What a difference a few years makes in medical opinion in how appendicitis should be treated! Not routinely with surgery (appendectomy), but trying a course of antibiotics first.
Researchers from Duke University Medical Center reviewed studies and found that antibiotics successfully treat up to 70% of uncomplicated appendicitis cases. For this reason the researchers state that antibiotics should be tried first in uncomplicated appendicitis cases. And if needed (e.g., if there are recurrences of appendicitis) surgery can be done.
Back in 2015 a Finnish study found that antibiotics alone can treat the majority of cases of uncomplicated appendicitis in adults. No need for surgery. That same year another study was published finding antibiotics to be a successful treatment for uncomplicated appendicitis in children - and that at one year follow-up 75.6% of the antibiotics group had not had any recurrences of appendicitis.
This is a major shift in how to treat an ailment, and it happened quickly. Most people with appendicitis would definitely (probably) opt for a course of antibiotics rather than surgery and see if that works..
From Science Daily: Antibiotics can be first-line therapy for uncomplicated appendicitis cases
With numerous recent studies demonstrating that antibiotics work as well as surgery for most uncomplicated appendicitis cases, the non-surgical approach can now be considered a routine option, according to a review article in JAMA.
The finding -- appearing Dec. 14 and led by Theodore Pappas, M.D., professor in the Department of Surgery at Duke University School of Medicine -- cites the consensus of evidence that antibiotics successfully treat up to 70% of appendicitis cases. Surgery, usually done laparoscopically, remains the definitive option for otherwise healthy patients with a severely inflamed appendix or other factors that increase the risk of rupture.
"Acute appendicitis is the most common abdominal surgical emergency in the world, striking about one in 1,000 adults," Pappas said. "Until recently, the only treatment option was surgery, so having a non-surgical approach for many of these cases has significant impact for both patients and the health care system."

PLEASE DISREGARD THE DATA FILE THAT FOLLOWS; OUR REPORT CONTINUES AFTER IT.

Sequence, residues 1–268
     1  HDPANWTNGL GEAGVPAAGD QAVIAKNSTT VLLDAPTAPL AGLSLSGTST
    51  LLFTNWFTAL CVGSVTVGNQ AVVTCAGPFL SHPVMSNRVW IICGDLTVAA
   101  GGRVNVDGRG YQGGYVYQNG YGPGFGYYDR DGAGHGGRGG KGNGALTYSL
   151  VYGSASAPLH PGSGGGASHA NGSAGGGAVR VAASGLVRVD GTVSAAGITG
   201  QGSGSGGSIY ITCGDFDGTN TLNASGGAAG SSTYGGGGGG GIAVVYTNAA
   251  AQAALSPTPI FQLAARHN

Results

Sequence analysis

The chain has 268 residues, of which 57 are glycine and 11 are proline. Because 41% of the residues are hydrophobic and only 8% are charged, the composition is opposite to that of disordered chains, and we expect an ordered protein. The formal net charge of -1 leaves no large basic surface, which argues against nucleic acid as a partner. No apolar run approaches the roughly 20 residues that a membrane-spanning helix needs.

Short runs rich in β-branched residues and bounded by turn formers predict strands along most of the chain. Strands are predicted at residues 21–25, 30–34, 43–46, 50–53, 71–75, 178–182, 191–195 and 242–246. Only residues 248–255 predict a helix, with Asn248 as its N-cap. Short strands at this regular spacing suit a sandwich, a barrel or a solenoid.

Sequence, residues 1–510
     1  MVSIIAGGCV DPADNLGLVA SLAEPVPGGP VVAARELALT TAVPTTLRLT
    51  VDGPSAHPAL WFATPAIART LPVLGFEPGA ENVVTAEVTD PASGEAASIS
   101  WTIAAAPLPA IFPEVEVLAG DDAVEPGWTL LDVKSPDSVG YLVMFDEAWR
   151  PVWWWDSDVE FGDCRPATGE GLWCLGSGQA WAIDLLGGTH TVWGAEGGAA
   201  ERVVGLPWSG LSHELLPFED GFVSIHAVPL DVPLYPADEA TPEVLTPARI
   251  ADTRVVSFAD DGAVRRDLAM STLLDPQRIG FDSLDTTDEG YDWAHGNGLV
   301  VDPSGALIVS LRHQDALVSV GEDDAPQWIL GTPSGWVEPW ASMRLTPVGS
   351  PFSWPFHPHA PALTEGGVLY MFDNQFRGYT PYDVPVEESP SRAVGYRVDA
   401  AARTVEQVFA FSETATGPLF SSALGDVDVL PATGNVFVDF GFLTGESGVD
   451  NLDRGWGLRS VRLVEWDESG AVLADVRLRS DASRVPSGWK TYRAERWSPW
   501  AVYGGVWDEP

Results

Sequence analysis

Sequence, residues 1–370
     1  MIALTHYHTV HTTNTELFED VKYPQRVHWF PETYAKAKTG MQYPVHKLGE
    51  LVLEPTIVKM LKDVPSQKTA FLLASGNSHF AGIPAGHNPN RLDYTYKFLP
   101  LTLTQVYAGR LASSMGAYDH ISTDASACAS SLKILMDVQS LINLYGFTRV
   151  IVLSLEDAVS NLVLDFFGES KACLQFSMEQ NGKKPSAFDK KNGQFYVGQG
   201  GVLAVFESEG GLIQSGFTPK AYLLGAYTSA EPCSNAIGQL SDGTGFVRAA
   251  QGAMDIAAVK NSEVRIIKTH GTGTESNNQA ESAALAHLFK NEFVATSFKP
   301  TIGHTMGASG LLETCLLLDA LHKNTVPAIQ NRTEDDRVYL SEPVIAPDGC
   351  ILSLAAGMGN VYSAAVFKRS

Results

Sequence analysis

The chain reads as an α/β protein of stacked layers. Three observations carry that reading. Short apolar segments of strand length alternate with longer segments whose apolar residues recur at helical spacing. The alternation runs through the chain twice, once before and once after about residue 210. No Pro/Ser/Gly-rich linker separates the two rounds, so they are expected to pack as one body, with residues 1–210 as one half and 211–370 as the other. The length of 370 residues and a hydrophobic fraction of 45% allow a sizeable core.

Pappas said the criteria for determining the best treatment approach is nuanced, but not excessively difficult. Appendicitis cases -- marked by abdominal pain that often migrates to the lower right side, nausea and vomiting, and low-grade fever -- are confirmed with ultrasound and/or CT scans.
If the scans depict no complications, most of these patients could receive antibiotics instead of undergoing an appendectomy. Antibiotics could also be a first-line therapy for patients who have severe symptoms, but who are older or have medical conditions that add risks to surgeries.
"We think it's going to be 60% to 70% of patients who are good candidates for consideration of antibiotics," Pappas said. "A lot of people note that patient preferences can be brought into the decision, so it is important to provide the literature and educate the public."
Pappas added that antibiotics are not always a complete cure. In about 40% of cases, patients who recover from a bout of appendicitis after receiving antibiotics have another episode and eventually need their appendix surgically removed.
"It's important to take into account every case and it's unique context as we consider patient preferences," Pappas said. "If someone presents with an appendicitis and they're attending their brother's wedding the next day, antibiotics may be a good option. If they have appendicitis and they are planning to head to rural Alaska next year, they might want to consider an appendectomy, given that the condition could recur."